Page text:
General Electric rebounded on Friday after the CEO had strengthened confidence by buying much of the company's stock and defending analysts as the industry giant.
GE's share rose more than 6% a day earlier on Friday morning after the largest decline since April 2008. GE shares fell 11% on Thursday.
The stock started its downward spiral on Thursday morning after Harry Markopolos, who was known to spot irregularities in Bernie Madoff's investment strategy years before the Ponzi program was uncovered, had released a report accusing GE of fraudulent financial statements ,
Culp, who took over the contested industrial conglomerate last year, bought 252,200 shares for $ 7.93 each, according to a report filed with the SEC on Thursday. The CEO has roughly doubled his holdings of GE shares this week.
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"The company is likely to file for bankruptcy," Markopolos told CNBC's "Squawk on the Street" on Thursday. "WorldCom and Enron took about four months and we'll see how GE is doing."
An American hedge fund, which Markopolos did not call, paid Markopolos to produce the report. Markopolos told CNBC that it would receive a "decent percentage" of the profits the hedge fund would make by betting against GE.
Culp, Danaher's former CEO, said the allegations are false and driven by profit-making sell-off of GE's shares.
"GE will always take any accusation of financial misconduct seriously, but that's market manipulation – plain and simple," he said in a statement. "Mr Markopolos's report contains false facts, and these allegations could have been corrected if he had discussed them with GE prior to the publication of the report."
Leslie Seidman, GE Director and Chairman of the Audit Committee, also resigned on the Markopolos report, which, according to her, "contained many new interpretations and flaws in the actual accounting rules".
"In his own words, he personally will benefit financially from the significant market reaction to his report," she said. "He is a selective leader in widespread regulatory processes and rigorous research without having access to GE's books and records."
Wall Street Pages with GE
Stock analysts did not seem to be convinced that Markopolos had a bullet Nick Heymann, head of global industrial infrastructure at William Blair, said it was hard to believe that GE's financial reporting in fraudulent intent, especially after having carried out several regulatory reviews of its accounts and the company's financial statements for over two years.
"As such, we tend to seek efforts to present GE's current financial condition, assuming that all three alleged cash or material costs of $ 38 billion previously earmarked for capture, at best insincere and in the worst case highly inaccurate, "said Heymann in a note to customers Thursday.
Citi research analyst and CEO Andrew Kaplowitz also supported GE and told clients that the report had "sufficient flaws" and Citi continues to believe in Culp's ability to improve the company's time. Kaplowitz referred to Culp's share purchase on Thursday in the open market, which reflected "the high conviction that the allegations are not incremental unknown challenges."
Interest in a decline in GE's share given a partnership with an unnamed hedge fund, "Kaplowitz said in a statement to customers on Thursday." Overall, we believe some of the allegations were already known and others, well-known Unknown & # 39 ;, which causes us to maintain our belief over a possible overperformance of the stock price over time. "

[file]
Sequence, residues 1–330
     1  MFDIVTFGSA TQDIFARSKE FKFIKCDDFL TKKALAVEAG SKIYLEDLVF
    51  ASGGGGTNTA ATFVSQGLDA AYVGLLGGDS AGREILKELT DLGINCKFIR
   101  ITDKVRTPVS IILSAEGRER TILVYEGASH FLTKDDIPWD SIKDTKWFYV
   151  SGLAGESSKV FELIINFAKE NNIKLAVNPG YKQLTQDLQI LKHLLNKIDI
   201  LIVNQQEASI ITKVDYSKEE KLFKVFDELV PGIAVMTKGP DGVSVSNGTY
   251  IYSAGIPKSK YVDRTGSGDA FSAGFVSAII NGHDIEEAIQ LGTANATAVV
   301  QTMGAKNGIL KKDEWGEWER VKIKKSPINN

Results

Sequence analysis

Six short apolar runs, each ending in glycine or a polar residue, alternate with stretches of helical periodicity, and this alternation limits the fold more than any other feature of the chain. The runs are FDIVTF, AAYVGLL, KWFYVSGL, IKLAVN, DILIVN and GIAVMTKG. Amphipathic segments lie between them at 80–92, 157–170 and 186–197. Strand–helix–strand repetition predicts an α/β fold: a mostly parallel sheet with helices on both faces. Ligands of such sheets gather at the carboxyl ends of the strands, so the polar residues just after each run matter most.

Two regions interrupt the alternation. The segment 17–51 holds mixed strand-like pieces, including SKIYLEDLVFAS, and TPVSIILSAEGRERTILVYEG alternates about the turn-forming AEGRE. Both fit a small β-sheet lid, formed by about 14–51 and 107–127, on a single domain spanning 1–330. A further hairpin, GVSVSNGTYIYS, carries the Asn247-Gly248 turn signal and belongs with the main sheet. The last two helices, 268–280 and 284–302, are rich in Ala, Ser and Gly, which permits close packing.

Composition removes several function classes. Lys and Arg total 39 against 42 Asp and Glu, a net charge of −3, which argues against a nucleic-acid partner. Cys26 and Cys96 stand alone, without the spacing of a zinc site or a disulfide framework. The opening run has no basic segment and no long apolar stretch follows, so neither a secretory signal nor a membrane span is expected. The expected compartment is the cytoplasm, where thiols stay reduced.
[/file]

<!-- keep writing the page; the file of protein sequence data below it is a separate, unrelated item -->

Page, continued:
Jim Corridore, Stock Analyst at CFRA Research, Markopolos and the motives of the anonymous hedge fund highlighted to point out the decline in the
"We are confident that GE's accounting led by Larry Culp will become more open after years of financial uncertainty from Jeff Immelt, when GE's problems arose," Corridore said. GE is seeking to improve its balance sheet and believes that it has sufficient liquidity and access to the capital markets In order to continue its business and restructurings. "was deployed for only a year and installed Culp as his successor. Flannery was named in August 2017 and had taken the reins from Jeff Immelt as GE's shares steadily eroded.
However, some on Wall Street still have questions after the report.
Jay Gelb, Chief Operating Officer and Senior Insurance Equity Barclays research analyst said he was currently unable to say whether the estimation of Markopolos GE's underfunding was reasonable, "although this is certainly relevant."
One focus of Markopolo's report is on the GE care insurance unit, for which the company had to increase its reserves by $ 15 billion last year. Markopolos is reviewing GE's business case documentation in this area, claiming that GE is hiding massive losses that will increase as policyholders grow older. He claims that GE has misrepresented to the regulatory authorities of the device. Regardless, he catches on with accounting issues from GE regarding the Baker Hughes oil and gas business.
According to Andrew Obin of Bank of America, the allegations appear to have a background similar to the ongoing investigations by the US Department of Justice and existing shareholder lawsuits. While the Company's valuation in GE's long-term insurance business is already bearing significant downward pressure given current US interest rates, a "more conservative assumption regarding the discount rate of insurance" is now being made.
Bank of America lowered its price target by $ 1 on Friday, citing continued market pressure on growth and margins in the power business, "execution issues" outside of the power business, and higher-than-expected capital requirements at GE Capital.
– CNBC's Michael Bloom contributed to the coverage.